« SebelumnyaLanjutkan »
With fervent vows t' attend the facrifice;
By pleafing finiles and numerous conquests known ; Where, 'midst the brightest nymphs, the bore the
From all-from all but her Afteria's eyes.
Thus in romantic hiftories we read
Of tournaments by some great prince decreed,.. Where two companion-knights their lances wield With matchlefs force, and win, from all, the field; 25. Till one, o'erheated in the courfe, retires,
And feels within his veins a fever's fires ;
His grieving friend his laurels throws away,
Like meeting rivers, in one stream they flow,
And no divided joys or forrows know.
Not the bright twins, prefer'd in heaven to shine,
Fair Leda's fons, in fuch a league could join.
One foul, as fables tell, by turns fupply'd
When Heaven did at Afteria's birth bestow
Thofe lavish charms, with which the wounds us fo, To form her glorious mind, it did inspire
A double portion of th' ætherial fire,
That half might afterward be thence convey'd,
So India boasts a tree, that spreads around
Of Phoebe's health we need not fend to know
See what black clouds arife, when tempefts lour, 60
Such be thy fate, bright maid! from this decline Arife renew'd the charms, and doubly shine! And as that dawning planet was addrest With offer'd incenfe by th' adoring east, So we'll with fongs thy glad recovery greet, The Mufe fhall lay her prefents at thy feet; With open arms, Afteria fhall receive
The dearest pledge propitious Heaven can give. Fann'd by these winds, your friendship's generous fire Shall burn more bright, and to such heights afpire, The wondering world shall think you from above Come down to teach how happy angels love.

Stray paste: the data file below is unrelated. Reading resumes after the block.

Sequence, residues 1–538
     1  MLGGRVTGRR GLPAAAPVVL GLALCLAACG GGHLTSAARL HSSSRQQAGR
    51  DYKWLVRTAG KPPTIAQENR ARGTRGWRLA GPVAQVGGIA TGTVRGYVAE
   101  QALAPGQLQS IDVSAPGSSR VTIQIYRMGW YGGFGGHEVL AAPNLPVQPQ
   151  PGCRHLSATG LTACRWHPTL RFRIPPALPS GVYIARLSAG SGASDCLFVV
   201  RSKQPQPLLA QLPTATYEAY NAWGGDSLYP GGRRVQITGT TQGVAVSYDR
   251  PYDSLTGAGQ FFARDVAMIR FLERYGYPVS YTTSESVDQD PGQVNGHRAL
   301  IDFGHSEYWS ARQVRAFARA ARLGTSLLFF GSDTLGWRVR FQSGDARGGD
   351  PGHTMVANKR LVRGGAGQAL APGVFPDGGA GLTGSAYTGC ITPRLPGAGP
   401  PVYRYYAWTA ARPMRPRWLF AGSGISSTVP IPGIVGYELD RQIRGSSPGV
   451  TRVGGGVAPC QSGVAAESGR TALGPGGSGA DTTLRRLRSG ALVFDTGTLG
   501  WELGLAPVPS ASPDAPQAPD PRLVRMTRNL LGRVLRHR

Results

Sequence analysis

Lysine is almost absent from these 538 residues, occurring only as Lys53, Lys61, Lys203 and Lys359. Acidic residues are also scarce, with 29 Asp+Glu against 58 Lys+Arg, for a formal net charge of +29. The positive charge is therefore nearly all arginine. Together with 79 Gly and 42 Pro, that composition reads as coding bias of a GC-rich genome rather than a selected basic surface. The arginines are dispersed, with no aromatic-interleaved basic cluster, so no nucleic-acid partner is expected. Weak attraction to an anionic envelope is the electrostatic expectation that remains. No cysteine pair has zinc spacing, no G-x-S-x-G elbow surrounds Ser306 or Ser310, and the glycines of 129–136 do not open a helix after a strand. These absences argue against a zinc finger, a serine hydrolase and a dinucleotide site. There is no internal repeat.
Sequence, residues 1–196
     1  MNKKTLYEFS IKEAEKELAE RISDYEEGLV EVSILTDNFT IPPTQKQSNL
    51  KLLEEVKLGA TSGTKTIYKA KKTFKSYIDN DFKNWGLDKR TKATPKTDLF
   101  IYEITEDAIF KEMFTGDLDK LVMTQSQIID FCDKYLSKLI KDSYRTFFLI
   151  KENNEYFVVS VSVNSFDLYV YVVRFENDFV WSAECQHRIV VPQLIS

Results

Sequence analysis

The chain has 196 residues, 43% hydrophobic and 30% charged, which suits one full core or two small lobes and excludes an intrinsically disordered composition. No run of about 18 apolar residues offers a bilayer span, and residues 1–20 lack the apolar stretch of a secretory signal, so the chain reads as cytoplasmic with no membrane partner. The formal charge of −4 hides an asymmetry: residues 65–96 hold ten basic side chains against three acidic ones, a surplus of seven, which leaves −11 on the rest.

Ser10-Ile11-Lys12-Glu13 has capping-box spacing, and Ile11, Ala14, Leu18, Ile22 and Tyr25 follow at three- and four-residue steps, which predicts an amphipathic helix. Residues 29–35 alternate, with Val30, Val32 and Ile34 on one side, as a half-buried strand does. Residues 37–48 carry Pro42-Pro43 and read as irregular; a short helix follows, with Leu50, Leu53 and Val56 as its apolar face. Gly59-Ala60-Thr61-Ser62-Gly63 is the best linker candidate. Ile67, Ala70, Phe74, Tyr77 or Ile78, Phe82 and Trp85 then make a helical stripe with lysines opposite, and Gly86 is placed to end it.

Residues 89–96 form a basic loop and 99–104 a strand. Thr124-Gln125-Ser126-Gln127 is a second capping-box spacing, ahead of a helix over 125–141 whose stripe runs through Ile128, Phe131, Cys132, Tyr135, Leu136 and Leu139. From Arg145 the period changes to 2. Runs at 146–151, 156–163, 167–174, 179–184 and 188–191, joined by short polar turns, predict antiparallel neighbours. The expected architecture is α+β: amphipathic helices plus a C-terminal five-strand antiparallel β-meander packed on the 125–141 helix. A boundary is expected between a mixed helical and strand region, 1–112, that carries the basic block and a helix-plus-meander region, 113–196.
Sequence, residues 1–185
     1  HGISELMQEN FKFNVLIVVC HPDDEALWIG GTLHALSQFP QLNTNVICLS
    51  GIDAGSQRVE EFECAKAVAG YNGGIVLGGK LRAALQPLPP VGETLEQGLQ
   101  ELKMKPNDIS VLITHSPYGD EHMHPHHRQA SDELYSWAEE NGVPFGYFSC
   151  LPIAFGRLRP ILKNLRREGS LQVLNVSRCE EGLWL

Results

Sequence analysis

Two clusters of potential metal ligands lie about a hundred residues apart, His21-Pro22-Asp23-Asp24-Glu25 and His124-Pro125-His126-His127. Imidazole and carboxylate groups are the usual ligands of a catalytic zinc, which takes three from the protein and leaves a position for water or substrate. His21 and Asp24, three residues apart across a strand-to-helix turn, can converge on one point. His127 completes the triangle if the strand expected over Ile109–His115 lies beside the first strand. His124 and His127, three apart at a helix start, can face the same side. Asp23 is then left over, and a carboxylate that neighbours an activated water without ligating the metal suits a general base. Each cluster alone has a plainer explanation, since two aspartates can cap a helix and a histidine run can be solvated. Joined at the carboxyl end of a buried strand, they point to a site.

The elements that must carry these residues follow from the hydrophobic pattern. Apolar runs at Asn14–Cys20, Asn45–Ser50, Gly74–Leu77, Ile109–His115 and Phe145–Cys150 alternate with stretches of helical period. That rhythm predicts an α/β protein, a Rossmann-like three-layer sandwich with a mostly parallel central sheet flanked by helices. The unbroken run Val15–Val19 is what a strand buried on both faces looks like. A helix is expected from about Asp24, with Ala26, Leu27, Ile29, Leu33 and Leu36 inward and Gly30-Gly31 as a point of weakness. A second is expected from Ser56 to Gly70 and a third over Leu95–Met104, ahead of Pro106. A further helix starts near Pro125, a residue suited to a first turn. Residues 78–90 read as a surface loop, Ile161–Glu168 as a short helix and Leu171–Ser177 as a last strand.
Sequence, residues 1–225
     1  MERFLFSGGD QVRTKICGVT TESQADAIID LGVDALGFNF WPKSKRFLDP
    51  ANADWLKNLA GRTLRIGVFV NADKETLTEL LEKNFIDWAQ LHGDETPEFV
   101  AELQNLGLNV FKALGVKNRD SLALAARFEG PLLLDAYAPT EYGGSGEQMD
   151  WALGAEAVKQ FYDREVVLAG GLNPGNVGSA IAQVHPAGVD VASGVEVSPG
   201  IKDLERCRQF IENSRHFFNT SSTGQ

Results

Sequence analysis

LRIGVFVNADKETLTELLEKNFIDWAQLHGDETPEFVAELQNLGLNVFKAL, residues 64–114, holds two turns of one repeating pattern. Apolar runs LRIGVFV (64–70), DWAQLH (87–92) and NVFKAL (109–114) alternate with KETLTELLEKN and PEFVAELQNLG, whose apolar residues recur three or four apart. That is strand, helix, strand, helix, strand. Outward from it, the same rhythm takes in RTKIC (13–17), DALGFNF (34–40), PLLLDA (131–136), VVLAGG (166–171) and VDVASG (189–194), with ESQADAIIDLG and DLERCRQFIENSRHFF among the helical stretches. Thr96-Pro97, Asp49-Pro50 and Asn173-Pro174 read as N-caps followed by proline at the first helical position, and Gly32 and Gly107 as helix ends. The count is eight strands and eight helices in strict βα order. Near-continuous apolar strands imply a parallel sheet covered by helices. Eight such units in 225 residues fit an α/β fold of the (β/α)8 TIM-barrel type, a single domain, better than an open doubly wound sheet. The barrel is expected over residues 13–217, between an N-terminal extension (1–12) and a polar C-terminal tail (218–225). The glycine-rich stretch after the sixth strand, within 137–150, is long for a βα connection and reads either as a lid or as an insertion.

AME of Dorinda's conquest brought
The god of love her charms to view;
To wound th' unwary maid he thought,
He dropp'd, half drawn, his feeble bow,
Difarm'd, he to his mother flies;
To Cupid now no lover's prayer
A Round your couch while fighing lovers view
So mournful is the fcene, 'tis hard to tell
Which face betrays the fick, or who is well.
They feel not their own pains, while yours they fhare, Worfe tortur'd now, than lately by defpair.
For bleeding veins a like relief is found,
When iron red-hot by burning ftops the wound.
BEAUTY AND MUSI C.
E fwains, whom radiant beauty moves,
Think how the rapturous charm improves,
Where Cupid's bow, and Phoebus' lyre,
While trembling notes are taught to wound.
Inquire not who's the matchefs fair,
That can this double death bestow :
UPID, furvey thy fhining train around
Of favorite nymphs, for conquest most renown'd ; The lovely warriors that in bright array
Thy power fupport, and propagate thy fway.
Then say what beauteous general wilt thou choose, 5 To lead the fair Brigade against thy rebel foes?
Behold the god advance in comely pride, Arm'd with his bow, his quiver by his fide.